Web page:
I also recall that Motorola made similar statements when Apple released its first smartphone. I hope none of you are still holding onto any of that Motorola stock (which peaked near $180 in 1999 and now trades around $65). For sustainability reasons and therefore for economic reasons electric cars, trucks and trains are in the future and will displace internal combustion technologies – eventually.

For us at STI the question is a slightly different one: It is a matter of when electric vehicles will evolve into machines which will ultimately displace fossil fueled technology. We are certain Apple is seeing this transition and is beginning to investigate where their technology can beat others, and more importantly, where they can enter the market to ride the wave in generating even more revenue and cash from this ongoing technology evolution.

At STI we are not thinking along the lines of other analysts who are speculating that Apple will attempt to build a car product as Tesla has from the ground up. No, Apple sees that the volume in sales are far too low right now to generate the kind of revenues and profits they require to keep their juggernaut moving. We further don’t see Apple buying Tesla. The cost for buying out Tesla due to Tesla’s capitalization is far too expensive today (note: Tesla’s market cap is approximately $24 billion).

So what do we think Project Titan is for Apple? We envision Apple seeing how far they can go with their current innogration model in taking share from the fragmented electric car market. Keep in mind Apple did not try to become the phone company when they released the iPhone. They focused on updating the technology to drive all the other smaller players from the market without trying to become Verizon or AT&T.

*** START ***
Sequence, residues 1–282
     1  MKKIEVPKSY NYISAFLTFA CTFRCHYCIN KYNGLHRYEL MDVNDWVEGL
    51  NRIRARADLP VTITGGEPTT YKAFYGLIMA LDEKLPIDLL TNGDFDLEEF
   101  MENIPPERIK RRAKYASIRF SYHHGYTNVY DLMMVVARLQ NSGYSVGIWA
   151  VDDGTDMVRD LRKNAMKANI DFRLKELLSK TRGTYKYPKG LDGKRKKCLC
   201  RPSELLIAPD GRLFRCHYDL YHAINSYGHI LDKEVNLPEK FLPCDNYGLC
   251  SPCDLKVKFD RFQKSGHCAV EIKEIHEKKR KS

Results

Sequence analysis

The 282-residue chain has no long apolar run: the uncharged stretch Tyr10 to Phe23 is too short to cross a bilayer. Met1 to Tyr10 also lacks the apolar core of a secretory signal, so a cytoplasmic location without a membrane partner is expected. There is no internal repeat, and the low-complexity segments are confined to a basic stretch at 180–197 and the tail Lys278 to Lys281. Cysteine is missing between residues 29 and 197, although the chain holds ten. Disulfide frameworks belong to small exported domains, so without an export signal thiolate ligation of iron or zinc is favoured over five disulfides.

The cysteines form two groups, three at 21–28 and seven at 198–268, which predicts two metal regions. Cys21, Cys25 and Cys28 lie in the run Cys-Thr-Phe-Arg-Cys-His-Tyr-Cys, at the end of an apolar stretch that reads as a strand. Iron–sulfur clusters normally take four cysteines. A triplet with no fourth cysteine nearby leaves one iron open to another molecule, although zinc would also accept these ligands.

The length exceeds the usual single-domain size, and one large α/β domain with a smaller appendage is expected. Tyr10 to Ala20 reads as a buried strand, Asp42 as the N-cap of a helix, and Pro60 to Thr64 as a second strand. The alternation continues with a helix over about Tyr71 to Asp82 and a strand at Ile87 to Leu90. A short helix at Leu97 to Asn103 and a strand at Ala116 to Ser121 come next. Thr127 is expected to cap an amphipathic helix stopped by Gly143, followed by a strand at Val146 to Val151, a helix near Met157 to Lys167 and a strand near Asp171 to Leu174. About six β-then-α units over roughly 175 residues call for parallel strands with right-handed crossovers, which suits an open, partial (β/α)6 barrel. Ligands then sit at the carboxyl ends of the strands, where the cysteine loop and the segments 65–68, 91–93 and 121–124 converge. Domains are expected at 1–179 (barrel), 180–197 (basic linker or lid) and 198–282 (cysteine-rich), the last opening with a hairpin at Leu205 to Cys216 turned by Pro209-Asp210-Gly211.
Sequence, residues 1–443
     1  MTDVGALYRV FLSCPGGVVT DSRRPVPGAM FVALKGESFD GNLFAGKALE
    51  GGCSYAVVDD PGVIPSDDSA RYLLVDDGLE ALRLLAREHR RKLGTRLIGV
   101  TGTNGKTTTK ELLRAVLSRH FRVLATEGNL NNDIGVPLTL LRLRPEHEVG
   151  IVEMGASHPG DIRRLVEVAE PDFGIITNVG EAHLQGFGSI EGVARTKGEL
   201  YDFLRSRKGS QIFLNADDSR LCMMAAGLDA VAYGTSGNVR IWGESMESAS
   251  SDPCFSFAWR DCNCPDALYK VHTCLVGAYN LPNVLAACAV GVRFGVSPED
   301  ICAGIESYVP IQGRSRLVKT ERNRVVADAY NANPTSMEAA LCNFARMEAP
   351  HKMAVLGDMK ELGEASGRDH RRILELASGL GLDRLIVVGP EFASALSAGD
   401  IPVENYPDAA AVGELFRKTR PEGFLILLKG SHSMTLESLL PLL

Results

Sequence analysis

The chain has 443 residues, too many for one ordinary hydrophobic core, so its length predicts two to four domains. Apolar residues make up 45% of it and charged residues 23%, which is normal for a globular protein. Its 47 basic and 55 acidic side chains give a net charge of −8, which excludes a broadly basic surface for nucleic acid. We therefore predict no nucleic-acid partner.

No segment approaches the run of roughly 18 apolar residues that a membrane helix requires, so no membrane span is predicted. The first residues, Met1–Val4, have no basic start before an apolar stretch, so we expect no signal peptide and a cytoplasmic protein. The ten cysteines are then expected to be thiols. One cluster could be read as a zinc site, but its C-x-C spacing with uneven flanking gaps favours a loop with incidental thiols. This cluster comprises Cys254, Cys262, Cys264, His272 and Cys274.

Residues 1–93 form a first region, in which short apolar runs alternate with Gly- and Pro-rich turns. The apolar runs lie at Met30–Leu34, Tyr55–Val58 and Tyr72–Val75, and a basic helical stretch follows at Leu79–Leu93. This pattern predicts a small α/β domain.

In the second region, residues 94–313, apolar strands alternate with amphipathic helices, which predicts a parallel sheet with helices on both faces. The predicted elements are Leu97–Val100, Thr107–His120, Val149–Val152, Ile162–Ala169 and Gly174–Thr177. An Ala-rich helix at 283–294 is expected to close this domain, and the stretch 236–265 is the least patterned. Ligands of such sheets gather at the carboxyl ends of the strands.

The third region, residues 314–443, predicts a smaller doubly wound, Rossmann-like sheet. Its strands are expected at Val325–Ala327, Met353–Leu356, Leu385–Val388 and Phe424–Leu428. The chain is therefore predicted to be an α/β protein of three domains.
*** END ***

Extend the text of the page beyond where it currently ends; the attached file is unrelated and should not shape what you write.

We suspect that Apple will never try to displace Ford or Mercedes Benz but rather co-opt the product supplies which those companies currently build themselves. Within the slope of technology innovation Apple has proven itself time and time again to understand that they don’t need to create all of the technology but rather to create the Apple ecosystem which envelops market segments and drives competitors from them.

Apple did not create all of the technology for the smartphone. They licensed some of those core technologies and built the missing pieces to enable their ecosystem. In so doing what they did was build a model where they generate enormous profit, many times greater than all of the competition. For that reason Apple will not build an electric car today. The technology has not matured to the point where the costs would not drain what they are focused on – profit dollars!